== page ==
The Whole Difference: Selected Writings of Hugo Von Hofmannsthal

The Whole Difference: Selected Writings of Hugo Von Hofmannsthal

The Whole Difference: Selected Writings of Hugo Von Hofmannsthal

The Whole Difference: Selected Writings of Hugo Von Hofmannsthal

Synopsis

Hugo von Hofmannsthal is one of the modern era's most important writers, but his fame as Richard Strauss's pioneering collaborator on such operas as Der Rosenkavalier and Die Frau ohne Schatten has obscured his other remarkable writings: his precocious lyric poetry, inventive short fiction, keen essays, and visionary plays. The Whole Difference, which includes new translations as well as classic ones long out of print, is a fresh introduction to the enormous range of this extraordinary artist, and the most comprehensive collection of Hofmannsthal's writings in English.


Selected and edited by the poet and librettist J. D. McClatchy, this collection includes early lyric poems; short prose works, including "The Tale of Night Six Hundred and Seventy-Two," "A Tale of the Cavalry," and the famous "Letter of Lord Chandos"; two full-length plays, The Difficult Man and The Tower; as well as the first act of The Cavalier of the Rose. From the glittering salons of imperial Vienna to the bloodied ruins of Europe after the Great War, the landscape of Hofmannsthal's world stretches across the extremes of experience. This collection reflects those extremes, including both the sparkling social comedy of "the difficult man" Hans Karl, so sensitive that he cannot choose between the two women he loves, and the haunting fictional letter to Francis Bacon in which Lord Chandos explains why he can no longer write. Complete with an introduction by McClatchy, this collection reveals an artist whose unusual subtlety and depth will enthrall readers.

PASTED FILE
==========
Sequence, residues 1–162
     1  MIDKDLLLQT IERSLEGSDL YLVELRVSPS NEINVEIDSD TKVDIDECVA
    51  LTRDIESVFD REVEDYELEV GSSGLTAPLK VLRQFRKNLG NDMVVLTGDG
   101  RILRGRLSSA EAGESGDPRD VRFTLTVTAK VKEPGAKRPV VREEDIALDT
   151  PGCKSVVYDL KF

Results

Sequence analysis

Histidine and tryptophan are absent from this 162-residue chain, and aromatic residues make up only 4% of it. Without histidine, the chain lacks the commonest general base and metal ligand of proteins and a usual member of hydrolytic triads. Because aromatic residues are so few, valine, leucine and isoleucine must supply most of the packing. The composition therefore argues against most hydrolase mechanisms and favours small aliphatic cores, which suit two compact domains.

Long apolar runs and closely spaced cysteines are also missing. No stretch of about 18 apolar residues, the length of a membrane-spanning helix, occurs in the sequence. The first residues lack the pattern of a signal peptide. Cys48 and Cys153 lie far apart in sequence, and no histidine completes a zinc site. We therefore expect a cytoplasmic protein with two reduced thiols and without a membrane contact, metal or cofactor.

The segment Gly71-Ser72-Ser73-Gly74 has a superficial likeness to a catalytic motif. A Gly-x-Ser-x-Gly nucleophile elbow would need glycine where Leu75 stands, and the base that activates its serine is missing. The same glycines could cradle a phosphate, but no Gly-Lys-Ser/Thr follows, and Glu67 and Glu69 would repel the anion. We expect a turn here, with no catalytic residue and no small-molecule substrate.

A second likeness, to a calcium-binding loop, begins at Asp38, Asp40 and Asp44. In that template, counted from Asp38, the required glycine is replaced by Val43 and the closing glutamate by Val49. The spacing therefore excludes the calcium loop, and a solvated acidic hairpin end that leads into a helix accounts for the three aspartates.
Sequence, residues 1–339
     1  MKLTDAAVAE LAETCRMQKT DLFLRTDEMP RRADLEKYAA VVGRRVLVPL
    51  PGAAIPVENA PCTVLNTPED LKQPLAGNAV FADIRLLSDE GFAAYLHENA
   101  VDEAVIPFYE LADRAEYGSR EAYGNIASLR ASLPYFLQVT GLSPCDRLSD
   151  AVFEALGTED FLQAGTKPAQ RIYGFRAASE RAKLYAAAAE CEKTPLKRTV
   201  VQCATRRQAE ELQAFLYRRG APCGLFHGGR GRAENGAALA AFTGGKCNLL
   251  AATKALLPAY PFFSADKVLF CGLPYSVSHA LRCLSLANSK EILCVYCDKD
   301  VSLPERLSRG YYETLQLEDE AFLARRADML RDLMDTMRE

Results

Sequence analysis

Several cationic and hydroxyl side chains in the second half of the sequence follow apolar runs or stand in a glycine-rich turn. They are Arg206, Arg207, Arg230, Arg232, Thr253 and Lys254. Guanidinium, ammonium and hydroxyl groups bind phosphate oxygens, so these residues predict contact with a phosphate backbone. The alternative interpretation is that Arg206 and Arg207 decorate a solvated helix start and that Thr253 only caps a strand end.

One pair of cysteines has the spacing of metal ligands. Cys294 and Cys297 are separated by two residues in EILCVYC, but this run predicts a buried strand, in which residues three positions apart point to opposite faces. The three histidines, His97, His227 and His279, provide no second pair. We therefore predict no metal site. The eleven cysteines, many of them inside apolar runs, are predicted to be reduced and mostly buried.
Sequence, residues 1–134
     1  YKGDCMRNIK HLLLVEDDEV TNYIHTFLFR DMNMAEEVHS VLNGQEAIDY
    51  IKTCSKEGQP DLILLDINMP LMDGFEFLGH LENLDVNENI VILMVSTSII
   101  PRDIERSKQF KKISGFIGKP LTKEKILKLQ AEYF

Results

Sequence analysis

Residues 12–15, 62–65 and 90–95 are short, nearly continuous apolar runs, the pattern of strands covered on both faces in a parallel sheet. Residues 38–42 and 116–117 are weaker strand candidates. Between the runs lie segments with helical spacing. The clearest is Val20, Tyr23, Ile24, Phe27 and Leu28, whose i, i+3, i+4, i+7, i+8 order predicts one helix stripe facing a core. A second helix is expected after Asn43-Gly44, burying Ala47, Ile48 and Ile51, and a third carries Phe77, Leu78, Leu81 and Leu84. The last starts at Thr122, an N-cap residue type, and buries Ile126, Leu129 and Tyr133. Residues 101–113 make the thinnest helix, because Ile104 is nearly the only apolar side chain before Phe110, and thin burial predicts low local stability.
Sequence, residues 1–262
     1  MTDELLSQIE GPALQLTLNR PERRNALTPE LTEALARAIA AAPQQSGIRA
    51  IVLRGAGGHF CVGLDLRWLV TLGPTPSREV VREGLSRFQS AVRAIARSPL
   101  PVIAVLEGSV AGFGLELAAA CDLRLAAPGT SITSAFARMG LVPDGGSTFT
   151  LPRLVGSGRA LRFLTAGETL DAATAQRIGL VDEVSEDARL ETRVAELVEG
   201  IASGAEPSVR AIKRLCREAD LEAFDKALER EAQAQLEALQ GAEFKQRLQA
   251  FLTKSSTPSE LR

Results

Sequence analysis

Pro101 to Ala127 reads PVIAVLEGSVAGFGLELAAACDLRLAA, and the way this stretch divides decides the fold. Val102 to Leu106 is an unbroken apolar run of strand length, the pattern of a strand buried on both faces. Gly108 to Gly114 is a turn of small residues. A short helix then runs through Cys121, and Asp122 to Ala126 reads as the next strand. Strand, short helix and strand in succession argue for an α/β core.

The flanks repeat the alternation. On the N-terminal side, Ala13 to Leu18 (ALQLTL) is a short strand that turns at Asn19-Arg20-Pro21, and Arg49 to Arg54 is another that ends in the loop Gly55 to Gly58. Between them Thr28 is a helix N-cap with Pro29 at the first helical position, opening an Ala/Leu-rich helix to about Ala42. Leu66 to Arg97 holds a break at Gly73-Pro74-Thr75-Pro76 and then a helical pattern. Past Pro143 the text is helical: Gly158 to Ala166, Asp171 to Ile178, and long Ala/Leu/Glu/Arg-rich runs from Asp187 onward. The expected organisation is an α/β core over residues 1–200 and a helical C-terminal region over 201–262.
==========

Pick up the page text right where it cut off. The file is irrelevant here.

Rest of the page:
Excerpt

No novelist has better described the dissolution of the Hapsburg empire than Joseph Roth. of course it did not collapse with a shudder at the death of the emperor and the end of the Great War, but had been rotting away for years, and the rot created its own luster, which Roth captured with an uncanny accuracy. He caught the rustling silks and sword hilts, the gutted nostalgia, the unwritten and impenetrable rules, the aimlessness and hollow laughter, the Prater and masquerades, the military maneuvers and opera boxes. He described it all as a dying candle, flickering, golden, consumed by the very liquid it had created.

I lived in the cheerful, carefree company of young aristo
crats whose company, second only to that of artists, I loved
best under the old Empire. With them I shared a skeptical
frivolity, a melancholy curiosity, a wicked insouciance,
and the pride of the doomed, all signs of the disintegration
which at that time we still did not see coming. Above the
ebullient glasses from which we drank, invisible Death
was already crossing his bony hands. We swore without
malice and blasphemed without thought. Alone and old,
distant and at the same time turning into stone, but still
close to us all and omnipresent in the great and brilliant
pattern of the Empire, lived and ruled the old Emperor . . .

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